Hotel ICON is a symbol of Hong Kong

The luxury hotel is owned by one of the city's universities - giving students hands-on experience of the world of work.

by Theo Gwyther
Last Updated: 13 Jan 2016

Everywhere you look universities are cash-strapped. In the age of austerity higher education has not escaped. So what’s the answer? The standard British answer is to squeeze students for higher tuition fees and accommodation costs. And then to cram more of them into each tutorial. (The UK now has the highest tuition fees in the industrialised world). But here’s a novel idea from Hong Kong - generate some hard-earned cash by opening a 5 star hotel.

Wholly owned by the Hong Kong Polytechnic University, and an extension of the university’s School of Hotel and Tourism Management, Hotel ICON is the first teaching and research hotel of its kind. Its approach is unique. The purpose-built luxury hotel integrates a working and profitable business model with a teaching, learning and research institution. The credibility of the school is measured by the reality of making the hotel commercially viable and all the hotel's profits are funnelled back into the university. What is there not to approve of here?

Each year up to 100 promising students from the school catch the lift up to work to train alongside the hotel's 360 permanent staff and learn the hospitality trade by interacting with guests. Surely better than spending the day slumped on the sofa in front of Countdown or repeats of the X Factor.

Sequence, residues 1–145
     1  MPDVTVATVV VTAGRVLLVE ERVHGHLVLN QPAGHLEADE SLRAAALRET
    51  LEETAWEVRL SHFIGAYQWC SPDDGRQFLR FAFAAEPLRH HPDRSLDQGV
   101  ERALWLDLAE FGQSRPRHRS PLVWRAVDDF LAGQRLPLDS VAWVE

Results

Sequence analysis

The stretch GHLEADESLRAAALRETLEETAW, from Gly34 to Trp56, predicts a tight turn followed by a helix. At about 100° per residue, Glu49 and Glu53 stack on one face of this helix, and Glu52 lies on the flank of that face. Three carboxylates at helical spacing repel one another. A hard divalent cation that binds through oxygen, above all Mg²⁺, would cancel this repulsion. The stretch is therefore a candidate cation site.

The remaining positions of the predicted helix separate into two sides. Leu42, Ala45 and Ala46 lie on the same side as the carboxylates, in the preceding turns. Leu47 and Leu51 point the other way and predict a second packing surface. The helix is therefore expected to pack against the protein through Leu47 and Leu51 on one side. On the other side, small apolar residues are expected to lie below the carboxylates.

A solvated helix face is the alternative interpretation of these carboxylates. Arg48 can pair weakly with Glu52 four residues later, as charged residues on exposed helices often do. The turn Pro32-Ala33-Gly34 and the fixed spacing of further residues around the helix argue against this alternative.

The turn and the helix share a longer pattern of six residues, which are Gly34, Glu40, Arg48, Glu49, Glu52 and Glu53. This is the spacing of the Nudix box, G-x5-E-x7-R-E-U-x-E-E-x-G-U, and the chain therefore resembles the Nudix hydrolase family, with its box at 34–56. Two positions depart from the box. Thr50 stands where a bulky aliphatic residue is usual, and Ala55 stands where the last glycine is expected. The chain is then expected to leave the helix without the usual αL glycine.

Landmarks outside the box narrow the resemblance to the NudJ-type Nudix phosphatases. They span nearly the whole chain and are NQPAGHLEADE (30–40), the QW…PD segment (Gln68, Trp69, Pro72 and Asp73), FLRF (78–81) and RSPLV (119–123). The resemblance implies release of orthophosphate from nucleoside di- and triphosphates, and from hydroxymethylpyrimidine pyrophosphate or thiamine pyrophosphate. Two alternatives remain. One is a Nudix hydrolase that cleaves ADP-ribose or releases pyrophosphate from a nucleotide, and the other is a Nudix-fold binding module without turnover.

Founded in 2011 Hotel ICON covers everything you would imagine from a luxury hotel in the original city that never sleeps. On the subject of which….after a flight from London to Hong Kong what every traveller needs is to be greeted by the latest Tesla, ‘the all-electric, silent, smooth and emission-free vehicle.’

Arrival at the hotel reawakens all of your jaded senses. The largest vertical wall garden in Asia and the natural lighting makes it feel as if you have walked into a massive botanical garden. The fragrant lifts that took us to the 26th floor and our room even had their own distinctive odour. Or fragrance, as they say in the perfume game. This emphasis that the hotel places on the environment provides a great relief against the backdrop of a city that can feel quite divorced from nature.

The rooms are all individually specced and several notable designers, including Vivienne Tam, even have their own personally crafted suites. Unlike most rooms in the city, you can enjoy the spectacular vista within the confines of a spacious and bright room. There is a feeling that you are in the ultimate spot – the gaze across to Hong Kong Island doesn’t inspire you to ‘push forward’ and ‘earn more’, instead, it reminds you to appreciate your good fortune and go and try out the afternoon tea.

I met several students including one who was my waitress at lunchtime. I asked whether she enjoys her job working tables, and her response surprised me, when maybe it actually shouldn’t have. I got the sense from her that waitressing will do for now, but her ambitions stretch far higher than pandering to a wealthy international elite. Her true ambitions are to run a company herself, and this reveals a lot about the problems and wonders of modern day Hong Kong. The Chinese economy may be struggling but there is no lack of energy and drive to make it.

I asked the manager whether these problems were common and he nodded. ‘We find that a lot of students don’t enjoy the waiting aspect, they want to do more now.’ There is a sense that Young Hong Kongese people know their own minds. It doesn’t take hours of people watching to find unusual hair cuts, and there is a sense that whilst their identities retain some Chinese aspects, they are highly individualistic. They want to be the ones staying in Hotel ICON having run a business themselves.

Theo Gwyther is a second year History student at Exeter University looking forward to paying back his tuition loan at some point in the future

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